The problem is that a project like this was only ever going to be fine: just fine. The lack of Human characters and physical sets raises the specter of why try to imitate live-action at all (although it actually still is animated, as the movie was “filmed” in VR sets using computer generated wildlife). The hyper-realistic characters that Favreau and his team were able to create suffer in the same ways that all such characters would suffer under the circumstances. The lack of human-like expressions on the steely-faced critters means that none of them come close to carrying the same emotional depth of their earlier incarnations. The general sameness of how all of the dozens of lion characters look means that it is at times quite difficult to tell each of them apart, especially when they’re all running around in the dark and fighting each other (most awkwardly was when it was unclear whether our protagonist was :”hugging” his mother or his love-interest).
The choreography, so distinct and lively in the original, was muted down to just “lions walking realistically.” Gone were the Nazi marches, vibrant explosions of abstract colors and generally stylized dance moves that informed so much of what was great about the original. In fact, they just cut out Be Prepared altogether, replaced with some half-sung monolog that borrows a couple of lines from that iconic, pitch-perfect song. And for some reason that I cannot even begin to fathom, Can You Feel the Love Tonight now takes place in the middle of the afternoon, creating a jarring dissonance between text and visuals that is so perfectly emblematic of this whole wrong-headed mess of a film.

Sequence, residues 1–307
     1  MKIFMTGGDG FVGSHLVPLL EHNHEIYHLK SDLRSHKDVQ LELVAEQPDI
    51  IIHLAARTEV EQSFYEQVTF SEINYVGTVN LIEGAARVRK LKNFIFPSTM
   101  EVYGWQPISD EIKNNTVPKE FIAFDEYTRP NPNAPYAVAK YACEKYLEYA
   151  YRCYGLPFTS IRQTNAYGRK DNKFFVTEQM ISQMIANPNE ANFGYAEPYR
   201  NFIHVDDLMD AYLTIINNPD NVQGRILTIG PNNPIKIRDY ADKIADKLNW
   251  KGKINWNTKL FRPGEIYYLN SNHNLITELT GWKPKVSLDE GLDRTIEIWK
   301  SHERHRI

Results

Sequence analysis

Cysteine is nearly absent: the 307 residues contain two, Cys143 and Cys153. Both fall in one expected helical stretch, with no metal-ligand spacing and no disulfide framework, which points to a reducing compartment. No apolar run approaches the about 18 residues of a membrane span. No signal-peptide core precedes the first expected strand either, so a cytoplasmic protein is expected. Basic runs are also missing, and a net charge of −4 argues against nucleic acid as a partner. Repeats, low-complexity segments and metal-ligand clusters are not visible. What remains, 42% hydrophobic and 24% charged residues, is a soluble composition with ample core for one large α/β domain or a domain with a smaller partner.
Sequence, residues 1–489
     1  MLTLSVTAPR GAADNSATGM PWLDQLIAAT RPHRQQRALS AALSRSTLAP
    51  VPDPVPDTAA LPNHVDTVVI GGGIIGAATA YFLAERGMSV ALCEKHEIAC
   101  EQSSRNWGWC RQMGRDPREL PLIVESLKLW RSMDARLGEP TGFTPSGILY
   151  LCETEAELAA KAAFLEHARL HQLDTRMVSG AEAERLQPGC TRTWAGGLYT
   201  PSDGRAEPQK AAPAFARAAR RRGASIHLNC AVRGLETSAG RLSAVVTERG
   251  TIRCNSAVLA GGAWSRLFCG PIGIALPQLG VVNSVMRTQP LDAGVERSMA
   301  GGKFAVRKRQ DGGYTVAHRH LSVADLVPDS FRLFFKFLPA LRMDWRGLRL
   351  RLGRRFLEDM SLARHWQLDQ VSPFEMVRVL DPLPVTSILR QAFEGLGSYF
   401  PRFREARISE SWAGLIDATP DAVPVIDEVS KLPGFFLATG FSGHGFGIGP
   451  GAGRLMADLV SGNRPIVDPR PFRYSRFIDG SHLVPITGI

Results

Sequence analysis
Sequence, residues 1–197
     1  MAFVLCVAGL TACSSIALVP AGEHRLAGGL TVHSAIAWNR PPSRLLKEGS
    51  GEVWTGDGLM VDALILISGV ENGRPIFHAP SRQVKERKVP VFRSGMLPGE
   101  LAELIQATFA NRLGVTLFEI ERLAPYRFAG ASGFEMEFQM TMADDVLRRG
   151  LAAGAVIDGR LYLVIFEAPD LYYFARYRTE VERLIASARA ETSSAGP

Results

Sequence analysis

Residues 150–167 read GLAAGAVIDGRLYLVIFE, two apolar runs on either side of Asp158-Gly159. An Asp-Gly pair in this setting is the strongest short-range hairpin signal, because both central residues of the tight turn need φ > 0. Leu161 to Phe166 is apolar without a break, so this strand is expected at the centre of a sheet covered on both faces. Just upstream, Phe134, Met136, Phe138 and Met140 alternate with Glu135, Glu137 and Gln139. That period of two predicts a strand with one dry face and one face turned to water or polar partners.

It’s not as if the movie is utterly devoid of merit, either: just that virtually every change made from the original was the exact wrong decision throughout the movie’s much-expanded runtime. While the cast is a general improvement over the original cast, the new Scar is certainly no Jeremy Irons. His singing, such as it even is, and monologuing and interacting with all of the other characters is just such an obvious step down from what we were given in 1994. And if they were able to bring James Earl Jones back, and willing to cast non-whites in roles well-suited to them, why couldn’t Irons — who by all accounts was game to return — similarly be brought back on for an encore to his iconic villain performance (which, in turn, would further cement the meta-narrative conceit of the older generation stepping aside so that a newer one can finally take over)?
Although none of these remakes have been strictly speaking necessary, some have solidly justified their existence in the broader Disney canon. Cinderella (2015) recentered the story of its heroine on the character herself, rather than her pet rodents. The Jungle Book (2016) streamlined a story that never quite knew what to focus on. Even Maleficent (2014) gave us a fascinating deconstruction of a well-worn fairy tale by reimagining the ostensible children’s movie as, implicitly, a family-friendly rape-revenge movie. The Lion King, however, does none of these, and there is no reason you need to see it.